By Charles J. Tabb, University of Illinois College of Law

2005-tabb The received wisdom in bankruptcy jurisprudence is that the Fifth Amendment Takings Clause independently limits the exercise of the bankruptcy power under the Bankruptcy Clause. Accordingly, secured creditors in bankruptcy are assumed to enjoy a constitutional right to receive the full value of their collateral in the bankruptcy case.

The thesis of this article is that the received wisdom is wrong. Professor Tabb argues that the Takings Clause of the Fifth Amendment does not and should not constrain the powers of Congress to modify the substantive rights of secured creditors under the Bankruptcy Clause. Instead, the only meaningful limits on the modification of substantive rights of stakeholders pursuant to the bankruptcy power are those that inhere in the Bankruptcy Clause itself.

The Bankruptcy Clause has only two limitations, both of which are extremely easy to satisfy regarding the treatment of secured creditors: that the law be “uniform,” and “on the subject of bankruptcies.”

The article first explains why it matters whether we continue to subscribe to the received wisdom that the Takings Clause limits what can be done to secured creditors in bankruptcy. Then it examines in considerable detail the historical evolution of bankruptcy jurisprudence in this area. Finally, the article assesses how we might best strike a prudential and meaningful constitutional balance.

To read the full article, click here.

Bankruptcy Survival

By Lynn M. LoPucki and Joseph W. Doherty, UCLA School of Law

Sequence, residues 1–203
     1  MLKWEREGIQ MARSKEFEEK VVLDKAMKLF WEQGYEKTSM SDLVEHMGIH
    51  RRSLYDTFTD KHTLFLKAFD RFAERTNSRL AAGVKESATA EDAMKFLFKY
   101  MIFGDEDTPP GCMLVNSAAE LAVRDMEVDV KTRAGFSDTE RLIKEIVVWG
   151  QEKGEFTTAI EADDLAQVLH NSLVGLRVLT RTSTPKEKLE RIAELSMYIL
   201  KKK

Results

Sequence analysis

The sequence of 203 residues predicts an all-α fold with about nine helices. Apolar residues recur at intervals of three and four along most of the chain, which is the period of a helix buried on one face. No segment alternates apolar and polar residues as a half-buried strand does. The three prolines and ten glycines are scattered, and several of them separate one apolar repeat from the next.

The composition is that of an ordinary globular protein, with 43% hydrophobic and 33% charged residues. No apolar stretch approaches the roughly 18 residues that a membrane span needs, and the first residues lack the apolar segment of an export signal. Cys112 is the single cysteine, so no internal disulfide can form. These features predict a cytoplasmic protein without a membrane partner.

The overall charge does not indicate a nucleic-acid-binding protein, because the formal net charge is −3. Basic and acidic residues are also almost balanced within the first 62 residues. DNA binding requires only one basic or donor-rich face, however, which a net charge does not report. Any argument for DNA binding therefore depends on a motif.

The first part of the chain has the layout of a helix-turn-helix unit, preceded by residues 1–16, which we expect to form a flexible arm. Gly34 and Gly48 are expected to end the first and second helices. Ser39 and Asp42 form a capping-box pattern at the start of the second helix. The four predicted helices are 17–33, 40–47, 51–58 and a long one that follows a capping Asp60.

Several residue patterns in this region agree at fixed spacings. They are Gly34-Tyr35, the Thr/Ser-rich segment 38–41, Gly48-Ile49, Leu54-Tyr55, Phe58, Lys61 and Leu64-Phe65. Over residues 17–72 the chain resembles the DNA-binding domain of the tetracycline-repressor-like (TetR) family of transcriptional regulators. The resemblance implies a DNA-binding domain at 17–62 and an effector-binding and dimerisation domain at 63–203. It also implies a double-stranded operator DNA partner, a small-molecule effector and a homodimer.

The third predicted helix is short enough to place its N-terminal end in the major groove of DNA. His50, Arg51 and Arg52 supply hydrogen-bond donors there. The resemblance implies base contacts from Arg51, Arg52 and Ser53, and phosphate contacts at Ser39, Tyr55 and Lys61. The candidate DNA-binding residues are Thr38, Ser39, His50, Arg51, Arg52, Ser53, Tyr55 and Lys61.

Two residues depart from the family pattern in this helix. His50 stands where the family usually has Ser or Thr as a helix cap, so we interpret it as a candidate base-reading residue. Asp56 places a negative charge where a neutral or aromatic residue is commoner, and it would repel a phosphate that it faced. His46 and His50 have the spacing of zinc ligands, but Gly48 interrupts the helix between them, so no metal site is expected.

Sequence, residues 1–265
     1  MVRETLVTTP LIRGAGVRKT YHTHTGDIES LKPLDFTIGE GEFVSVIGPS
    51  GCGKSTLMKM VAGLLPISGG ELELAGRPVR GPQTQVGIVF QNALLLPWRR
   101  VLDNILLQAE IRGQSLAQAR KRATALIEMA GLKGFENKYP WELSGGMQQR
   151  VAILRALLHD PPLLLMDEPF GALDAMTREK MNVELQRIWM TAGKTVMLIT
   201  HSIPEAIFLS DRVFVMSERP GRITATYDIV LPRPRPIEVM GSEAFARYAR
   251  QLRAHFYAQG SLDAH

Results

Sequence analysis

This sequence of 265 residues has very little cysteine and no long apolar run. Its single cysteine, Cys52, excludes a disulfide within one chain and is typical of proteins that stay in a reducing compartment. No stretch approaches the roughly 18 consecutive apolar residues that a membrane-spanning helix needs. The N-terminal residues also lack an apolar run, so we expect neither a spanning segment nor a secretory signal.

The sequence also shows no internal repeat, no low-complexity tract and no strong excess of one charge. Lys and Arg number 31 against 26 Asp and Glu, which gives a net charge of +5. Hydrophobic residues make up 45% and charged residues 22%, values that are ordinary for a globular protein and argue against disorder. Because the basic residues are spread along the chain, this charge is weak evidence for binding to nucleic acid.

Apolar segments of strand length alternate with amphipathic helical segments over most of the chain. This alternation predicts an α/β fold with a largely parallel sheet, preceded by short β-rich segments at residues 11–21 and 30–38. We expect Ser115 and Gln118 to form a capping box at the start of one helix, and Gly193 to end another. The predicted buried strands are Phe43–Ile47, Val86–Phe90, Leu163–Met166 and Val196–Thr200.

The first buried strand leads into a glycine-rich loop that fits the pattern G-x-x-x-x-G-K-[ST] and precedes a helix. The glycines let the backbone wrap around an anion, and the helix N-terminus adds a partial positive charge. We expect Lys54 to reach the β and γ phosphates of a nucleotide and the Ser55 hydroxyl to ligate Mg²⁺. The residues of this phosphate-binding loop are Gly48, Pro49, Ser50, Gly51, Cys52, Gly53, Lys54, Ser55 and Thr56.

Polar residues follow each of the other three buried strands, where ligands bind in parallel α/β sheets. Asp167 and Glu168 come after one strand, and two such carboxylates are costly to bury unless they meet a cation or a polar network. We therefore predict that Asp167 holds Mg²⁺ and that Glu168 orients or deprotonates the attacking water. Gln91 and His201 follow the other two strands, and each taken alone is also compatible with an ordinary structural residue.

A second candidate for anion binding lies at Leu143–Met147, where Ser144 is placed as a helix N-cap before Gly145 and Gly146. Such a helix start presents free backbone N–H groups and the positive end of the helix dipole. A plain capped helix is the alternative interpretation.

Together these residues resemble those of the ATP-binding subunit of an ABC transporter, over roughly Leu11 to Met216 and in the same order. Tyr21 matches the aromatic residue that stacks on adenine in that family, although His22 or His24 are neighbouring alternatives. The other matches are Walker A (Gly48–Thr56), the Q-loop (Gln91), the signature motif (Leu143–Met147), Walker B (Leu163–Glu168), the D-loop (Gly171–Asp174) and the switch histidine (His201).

lopuckidoherty Of the large, public companies that seek to remain in business through bankruptcy reorganization, only 70% succeed.  The assets of the other 30% are absorbed into other businesses.  Survival is important both because it is efficient and because it preserves jobs, communities, supplier and customer relationships, and tax revenues.  This Article reports the findings of the first comprehensive study of who survives.  Eleven conditions best predict survival.  All are concurrently statistically significant in our best regression model. 1. A company that even hints in the press release announcing its bankruptcy that it intends to sell its business is much more likely to fail. 2. Companies whose cases are assigned to more experienced judges are more likely to survive. 3. Companies headquartered in isolated geographical areas are more likely to fail. 4. Companies that file with higher leverage are more likely to survive. 5. If a creditor’s committee is routinely appointed, the company is more likely to fail. 6. Companies with DIP loans are more likely to survive. 7. Companies that prepackage or prenegotiate their plans are more likely to survive. 8. Companies are more likely to survive if pre-filing interest rates are low. 9. Larger companies are more likely to succeed if they are larger. 10. Manufacturers are more likely to survive. 11. Companies with positive pre-filing operating income are more likely to survive. System participants can improve survival rates by shifting cases to more experienced judges and perhaps also by greater attention to the decisions to appoint committees, prenegotiate plans, obtain DIP loans, and publicly seek alliances. The article is forthcoming in the UCLA Law Review, May, 2015. Click here to read further.